Unilever (ULVR.L) and Britain’s biggest retailer Tesco (TESCO.L) has finally settled their pricing row, since their halt over online sales of goods produced by the Anglo-Dutch giant due to the plunge in the pound when Britain decided to leave the EU.
The dispute between one of the world’s largest consumer goods companies and Tesco was the first sign of turbulence unleashed by the Brexit for the consumers and how it could hurt them. Marmite, a popular yeast extract spread, and other Unilever goods were unavailable online on Britain’s largest grocer.
As both sides declared peace, “We are pleased that this situation has been resolved to our satisfaction,” a Tesco spokesman said.
Britain’s vote to leave the EU back in June took many company executives and investors by surprise, which unleashed the biggest fall in sterling against the dollar. The Pound’s fall has left suppliers and retailers vying for profits as importing goods became more costly.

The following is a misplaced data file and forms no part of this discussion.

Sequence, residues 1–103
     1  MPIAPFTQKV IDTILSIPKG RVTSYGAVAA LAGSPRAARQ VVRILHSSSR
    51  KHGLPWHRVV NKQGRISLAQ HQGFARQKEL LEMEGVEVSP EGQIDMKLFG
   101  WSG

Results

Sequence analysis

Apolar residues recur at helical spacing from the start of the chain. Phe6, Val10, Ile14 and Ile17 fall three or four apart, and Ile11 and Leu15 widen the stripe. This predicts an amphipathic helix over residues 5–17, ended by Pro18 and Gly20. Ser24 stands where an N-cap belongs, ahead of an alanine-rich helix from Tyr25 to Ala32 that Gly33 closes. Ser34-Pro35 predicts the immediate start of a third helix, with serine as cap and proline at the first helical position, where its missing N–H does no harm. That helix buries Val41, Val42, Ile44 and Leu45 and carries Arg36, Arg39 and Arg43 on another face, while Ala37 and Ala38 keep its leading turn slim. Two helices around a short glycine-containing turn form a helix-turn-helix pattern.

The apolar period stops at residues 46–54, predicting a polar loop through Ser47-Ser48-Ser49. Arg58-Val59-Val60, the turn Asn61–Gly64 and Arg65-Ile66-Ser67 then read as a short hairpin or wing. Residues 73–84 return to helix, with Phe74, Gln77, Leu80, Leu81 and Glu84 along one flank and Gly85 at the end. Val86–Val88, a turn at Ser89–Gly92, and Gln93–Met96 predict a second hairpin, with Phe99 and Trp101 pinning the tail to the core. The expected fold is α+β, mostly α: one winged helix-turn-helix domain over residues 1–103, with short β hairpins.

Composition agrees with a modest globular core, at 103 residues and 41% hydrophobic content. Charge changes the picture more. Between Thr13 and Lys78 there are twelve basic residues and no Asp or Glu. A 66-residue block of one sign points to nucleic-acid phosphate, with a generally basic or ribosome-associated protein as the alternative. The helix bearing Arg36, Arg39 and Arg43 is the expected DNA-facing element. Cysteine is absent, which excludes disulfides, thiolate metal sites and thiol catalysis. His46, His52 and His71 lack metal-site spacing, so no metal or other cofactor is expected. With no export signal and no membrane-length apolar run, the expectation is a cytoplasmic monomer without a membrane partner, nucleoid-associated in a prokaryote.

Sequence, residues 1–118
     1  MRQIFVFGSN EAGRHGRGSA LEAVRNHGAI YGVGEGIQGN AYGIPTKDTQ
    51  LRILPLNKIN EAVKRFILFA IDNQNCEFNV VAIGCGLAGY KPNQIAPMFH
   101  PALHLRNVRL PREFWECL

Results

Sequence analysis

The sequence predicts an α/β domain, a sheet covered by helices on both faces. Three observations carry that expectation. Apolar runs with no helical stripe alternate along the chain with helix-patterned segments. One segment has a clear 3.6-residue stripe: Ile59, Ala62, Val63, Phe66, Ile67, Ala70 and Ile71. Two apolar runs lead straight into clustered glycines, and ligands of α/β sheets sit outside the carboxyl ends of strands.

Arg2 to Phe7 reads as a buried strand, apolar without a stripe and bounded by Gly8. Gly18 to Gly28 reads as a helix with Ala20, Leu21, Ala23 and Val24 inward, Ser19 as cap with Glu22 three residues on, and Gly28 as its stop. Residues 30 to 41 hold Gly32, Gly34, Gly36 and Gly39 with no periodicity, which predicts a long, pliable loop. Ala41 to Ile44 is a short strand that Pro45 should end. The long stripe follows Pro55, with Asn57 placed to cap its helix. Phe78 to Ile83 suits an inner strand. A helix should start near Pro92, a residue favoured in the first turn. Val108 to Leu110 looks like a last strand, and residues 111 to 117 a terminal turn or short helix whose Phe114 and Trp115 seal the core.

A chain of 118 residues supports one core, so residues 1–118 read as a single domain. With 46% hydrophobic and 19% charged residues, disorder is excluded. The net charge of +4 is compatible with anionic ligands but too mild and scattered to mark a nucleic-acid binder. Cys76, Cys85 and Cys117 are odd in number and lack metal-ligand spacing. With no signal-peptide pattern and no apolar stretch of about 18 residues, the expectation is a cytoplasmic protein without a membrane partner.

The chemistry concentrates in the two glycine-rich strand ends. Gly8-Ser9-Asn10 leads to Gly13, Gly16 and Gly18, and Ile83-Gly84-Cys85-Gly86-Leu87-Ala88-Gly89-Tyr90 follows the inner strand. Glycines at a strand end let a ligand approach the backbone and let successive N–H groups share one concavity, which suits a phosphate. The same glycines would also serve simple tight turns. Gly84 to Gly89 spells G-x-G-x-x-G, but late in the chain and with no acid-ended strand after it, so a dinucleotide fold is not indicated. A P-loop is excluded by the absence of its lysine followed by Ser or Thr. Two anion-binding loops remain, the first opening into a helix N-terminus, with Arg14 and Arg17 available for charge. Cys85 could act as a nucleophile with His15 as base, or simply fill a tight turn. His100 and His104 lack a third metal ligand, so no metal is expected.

Tesco boss Dave Lewis, who was previously a senior executive at Unilever had transformative views at the firm. He played a blinder positioning Tesco as a determined defender of UK consumer’s interests. This made some people think of him as a hero defending consumers.
After Brexit, there were many companies trying to pass unmerited price increase under its cover. It’s impossible to know how much guilty Unilever is on that score. But it would be silly to deny the company’s right to try to pass on some of the higher costs from commodities and dollar and euro-denominated packaging.
Unilever Chief Financial Officer Graeme Pitkethly said the increases were “substantially less” than what was required to cover the hit from the pound’s fall. “We are confident that this situation will be resolved pretty quickly,” he said. Tesco is rebuilding itself after a 2014 scandal when it recognized itself for overstating profits and accepted to pressuring its suppliers into driving down prices.
It is unclear who could have won this fight, though one can suspect that Tesco had an edge over Unilever, who was ill prepared to go through a dirty public fight. In the foresight, Unilever’s profit margins will remain considerably lower than Tesco’s.
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